- Use the Linear Pattern feature to create four more pins. The direction is the horizontal sketch axis, the length is 42mm, uncheck Reversed direction and set Occurrences to 5. Change the “Linear Pattern” to “Pins” when you are done.
Step 6: Create holes for the buttons
- Select the top plane of your base and create a new sketch.
- Set the top edge and the right edge of your left wall as an external reference.
- Draw a rectangle on the upper part of your base.
- Set the horizontal distance to 12mm and the vertical distance to 5mm.
- Now set the constrains for the distance to the top and the right edge. Select the left vertical component of the rectangle and a right vertex of the right wall. Now set the distance to 9.5mm as you did in step 3.6.
- Also set the distance between the top edge of the rectangle and a top vertex of the wall to 1mm. The rectangle should be fully constrained now.
- Exit the sketch and use the Pocket tool found in the Feature section to cut a rectangular hole. Set Type to Dimension, Length to 1mm and uncheck the boxes below.
- Create a new sketch inside the sag and the left and upper edge as external reference point.
- Draw a circle in the middle of the sag.
- Set the radius to 2mm using the Constraint tool. Also set the distance to the left edge to 6mm and to the top edge to 2.5mm.
- Exit the sketch and use the Pocket feature to cut through the base. To do so, set Type to through all.
Step 7: Finish the bottom part
The bottom part of your case is finished, but if you want to, you can smoothen the edges in this step.
- Turn the Draw style to Wireframe and select the corner edges of the base.
- Use the Fillet tool found in the Feature section to deburr it a little. See what radius suits you best. We recommend 15mm. Be careful not to undermine the walls!
- Now select the outer bottom edges of the walls and also use the Fillet feature with a radius of 2.5mm. This will give the structure some support.
- Set your view to Bottom view and select one part of the cut you did for the button. Use the Chamfer right next to the Fillet tool and set the size to 1.5mm.
You are done with your bottom part now!
Step 8: Build the cover for the micro:bit case
You will need a cover for your micro:bit, so let’s build one.
- Start a new project.
- Create a new sketch on the XY-Plane.
- Draw a rectangle starting at the center point and set its vertical to 38mm and the horizontal component to 59.5mm.
- Use the Pad feature to extrude the sketch to 3mm. Rename the object to “Top“.
- Create a new sketch on the top part. Set the left and top edge of the top part as an external reference.
- Draw a rectangle and size it to 38mm vertically and 3mm horizontally.
- Constrain the distance to the left edge to 4mm and make one top vertex coincident to the top edge of coincident to the top edge by using the Fix a point to an object constraint.
- Extrude the rectangle to 3mm height and rename it “Top Wall“.
- Pattern the wall over the horizontal sketch axis up to 48.5mm. Set the Occurrences to 2.
- Create a new sketch between the walls. Set the top and right edge of the top as an external link as well as the left edge of the right wall.
- Draw a circle and set the radius of the circle to 2.5mm, the distance to the left edge of the right wall to 1mm and to the top edge to 34mm.
- Use the Pocket feature to cut out the circle. Set the type to Through all and check Symmetric to sketch axis. Rename it to “Hole”.
- Now use the Linear pattern feature to copy the hole. Set the direction to Horizontal sketch axis, check Reverse, set the length to 42mm and Occurrences to 5.
- Create a new sketch on the top of the right wall. Set the left edge of and the circle intersecting with it as external reference.
- Now draw a rectangle. Set the left vertical component of the rectangle tangential to the circle and the horizontal ones as well.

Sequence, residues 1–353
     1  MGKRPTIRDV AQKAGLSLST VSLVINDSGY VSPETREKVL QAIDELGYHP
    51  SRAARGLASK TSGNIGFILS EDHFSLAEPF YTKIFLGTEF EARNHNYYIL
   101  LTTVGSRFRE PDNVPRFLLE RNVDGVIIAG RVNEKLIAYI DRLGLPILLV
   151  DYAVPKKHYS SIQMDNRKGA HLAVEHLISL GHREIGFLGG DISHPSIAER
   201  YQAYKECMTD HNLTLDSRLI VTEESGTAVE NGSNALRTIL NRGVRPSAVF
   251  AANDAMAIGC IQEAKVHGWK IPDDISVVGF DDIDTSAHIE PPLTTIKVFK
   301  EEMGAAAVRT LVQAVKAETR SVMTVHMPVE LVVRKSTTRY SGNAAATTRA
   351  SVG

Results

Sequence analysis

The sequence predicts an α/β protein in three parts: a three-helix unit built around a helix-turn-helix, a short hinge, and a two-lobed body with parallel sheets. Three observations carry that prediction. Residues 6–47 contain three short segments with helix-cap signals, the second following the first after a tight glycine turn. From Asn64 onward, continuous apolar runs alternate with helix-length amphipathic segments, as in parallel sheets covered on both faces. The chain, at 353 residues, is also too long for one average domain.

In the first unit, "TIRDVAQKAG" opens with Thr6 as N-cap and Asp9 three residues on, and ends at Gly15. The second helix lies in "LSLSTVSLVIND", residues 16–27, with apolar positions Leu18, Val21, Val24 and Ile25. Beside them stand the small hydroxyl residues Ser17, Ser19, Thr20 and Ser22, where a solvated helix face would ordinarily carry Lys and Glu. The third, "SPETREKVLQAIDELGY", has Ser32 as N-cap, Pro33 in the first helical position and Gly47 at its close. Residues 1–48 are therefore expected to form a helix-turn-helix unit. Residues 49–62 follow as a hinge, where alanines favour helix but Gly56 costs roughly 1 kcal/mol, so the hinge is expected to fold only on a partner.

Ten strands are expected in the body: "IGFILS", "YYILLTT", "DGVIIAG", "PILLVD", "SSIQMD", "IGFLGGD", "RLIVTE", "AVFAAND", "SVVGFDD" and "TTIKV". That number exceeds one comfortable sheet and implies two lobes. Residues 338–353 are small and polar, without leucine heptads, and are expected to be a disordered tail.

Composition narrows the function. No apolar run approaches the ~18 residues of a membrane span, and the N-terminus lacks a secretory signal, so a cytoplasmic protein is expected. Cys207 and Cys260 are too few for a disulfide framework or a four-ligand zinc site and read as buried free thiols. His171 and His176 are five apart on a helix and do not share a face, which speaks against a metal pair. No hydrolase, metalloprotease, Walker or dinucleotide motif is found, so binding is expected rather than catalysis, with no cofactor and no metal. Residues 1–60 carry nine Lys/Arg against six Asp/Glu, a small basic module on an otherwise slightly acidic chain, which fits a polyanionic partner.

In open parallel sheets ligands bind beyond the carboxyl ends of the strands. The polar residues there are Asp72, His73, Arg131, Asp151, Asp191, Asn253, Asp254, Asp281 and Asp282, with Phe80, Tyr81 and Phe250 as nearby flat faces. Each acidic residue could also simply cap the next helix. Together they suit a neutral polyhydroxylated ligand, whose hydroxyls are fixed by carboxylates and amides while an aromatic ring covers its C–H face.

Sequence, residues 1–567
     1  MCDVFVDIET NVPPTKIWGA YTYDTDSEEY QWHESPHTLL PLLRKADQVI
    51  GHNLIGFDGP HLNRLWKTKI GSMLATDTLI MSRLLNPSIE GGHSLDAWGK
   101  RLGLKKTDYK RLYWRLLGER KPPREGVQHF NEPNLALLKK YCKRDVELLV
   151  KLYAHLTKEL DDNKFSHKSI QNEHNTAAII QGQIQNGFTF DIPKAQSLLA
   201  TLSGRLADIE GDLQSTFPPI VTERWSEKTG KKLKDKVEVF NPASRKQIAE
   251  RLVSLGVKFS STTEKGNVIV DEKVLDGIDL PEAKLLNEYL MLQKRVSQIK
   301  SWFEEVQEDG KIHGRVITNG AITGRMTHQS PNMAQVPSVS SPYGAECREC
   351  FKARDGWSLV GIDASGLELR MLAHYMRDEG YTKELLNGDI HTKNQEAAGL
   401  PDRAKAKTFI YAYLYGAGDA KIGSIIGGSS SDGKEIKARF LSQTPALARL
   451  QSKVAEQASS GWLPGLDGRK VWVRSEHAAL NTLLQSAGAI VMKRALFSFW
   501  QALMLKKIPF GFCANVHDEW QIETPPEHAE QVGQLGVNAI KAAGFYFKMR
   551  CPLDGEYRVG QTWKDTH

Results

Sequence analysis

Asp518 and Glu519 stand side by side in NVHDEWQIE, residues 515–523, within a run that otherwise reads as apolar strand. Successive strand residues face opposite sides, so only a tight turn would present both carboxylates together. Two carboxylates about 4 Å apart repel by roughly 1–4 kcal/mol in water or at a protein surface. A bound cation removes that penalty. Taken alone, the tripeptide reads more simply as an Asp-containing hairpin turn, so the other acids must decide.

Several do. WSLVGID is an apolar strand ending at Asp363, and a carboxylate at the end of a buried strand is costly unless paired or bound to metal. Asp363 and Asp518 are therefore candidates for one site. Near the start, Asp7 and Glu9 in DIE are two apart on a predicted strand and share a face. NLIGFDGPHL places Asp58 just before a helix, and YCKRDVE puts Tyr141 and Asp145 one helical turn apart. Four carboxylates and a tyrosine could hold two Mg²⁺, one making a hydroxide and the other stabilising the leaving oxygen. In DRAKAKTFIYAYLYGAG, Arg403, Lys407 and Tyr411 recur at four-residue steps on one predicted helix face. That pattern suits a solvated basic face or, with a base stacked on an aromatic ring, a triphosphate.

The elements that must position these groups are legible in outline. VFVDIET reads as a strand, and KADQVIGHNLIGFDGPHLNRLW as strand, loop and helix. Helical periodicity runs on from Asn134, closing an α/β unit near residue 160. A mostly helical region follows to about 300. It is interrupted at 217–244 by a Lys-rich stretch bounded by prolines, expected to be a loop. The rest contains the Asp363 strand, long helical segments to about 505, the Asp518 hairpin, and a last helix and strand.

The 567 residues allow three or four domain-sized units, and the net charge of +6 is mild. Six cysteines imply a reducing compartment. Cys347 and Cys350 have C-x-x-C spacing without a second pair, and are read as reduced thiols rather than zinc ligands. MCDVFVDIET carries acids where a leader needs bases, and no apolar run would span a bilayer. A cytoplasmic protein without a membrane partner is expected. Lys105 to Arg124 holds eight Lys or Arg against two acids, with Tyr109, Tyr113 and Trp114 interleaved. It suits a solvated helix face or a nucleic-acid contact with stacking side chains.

- Use the Pocket feature to cut out 3mm.
- Create a new sketch between the walls and set the top edge of the top part and the right edge of the left wall as external reference.
- Draw a rectangle coincident to the left wall, a distance of 14mm to the top edge and with 12mm height and 5mm length.
- Use the Pocket feature to cut 1mm deep. Rename the cut to “Button1”.
- Create a new sketch in the sag and set the right and upper edge as external reference.
- Draw a circle and set the radius to 2mm. Set the distance to the left edge of 2.5mm and the top with 6mm.
- Use the Pocket feature to cut a hole through all. Rename the cut to “Button2”.
- Repeat 17.-22. on the right side so the holes for the buttons are symmetrical.
- Create another sketch between the walls and set the right edge of the right wall and the top edge as an external reference.
- Draw a rectangle and size it 16mm x 16mm. Set the distance to right wall to 17.5mm and to the top to 14.49mm.
- Use the Pocket feature to cut through all.
Step 9: Design the buttons
- Start a new project and create a new sketch.
- Draw a rectangle and set the vertical component to 11.8mm and the horizontal to 4.8mm.
- Extrude it to 1.5mm height.
- Create a new sketch on top of the box and set the left and top edge of the box as external reference.
- Now draw a circle. Set the radius to 1.9mm, the distance to vertical edge to 5.9mm and to horizontal edge to 2.4mm.
- Extrude the circle to 3mm height.
- Create a fillet on the top rim with the radius of 1mm.
Step 10: Export as an .STL file for 3D printing
- To export a model from FreeCAD to the .STL file format, simply click on the last feature in the model tree of an bbject so the object you want to export turns green.
- Then go to File > Export and set file type to Mesh formats.
Download the STL files from our workshop
Download the STL files files from our workshop and use them at your convenience.
Please, remember: We did not have a Micro:bit when we designed the case in FreeCAD. If there is anything wrong with our STL files, please inform us – so we can correct the files.
Step 11: Print the micro:bit case
Now you only have to print each piece plus the buttons three times, and you have your own micro:bit case
If you do not have a 3D printer, you can send the STL files to a printing service and have them printed.
Use All3DP’s price comparison service to find the best price for your case and directly order from the printing service of your choice.
License: The text of "FreeCAD: How to Build a Case for Your BBC micro:bit" by All3DP is licensed under a Creative Commons Attribution 4.0 International License.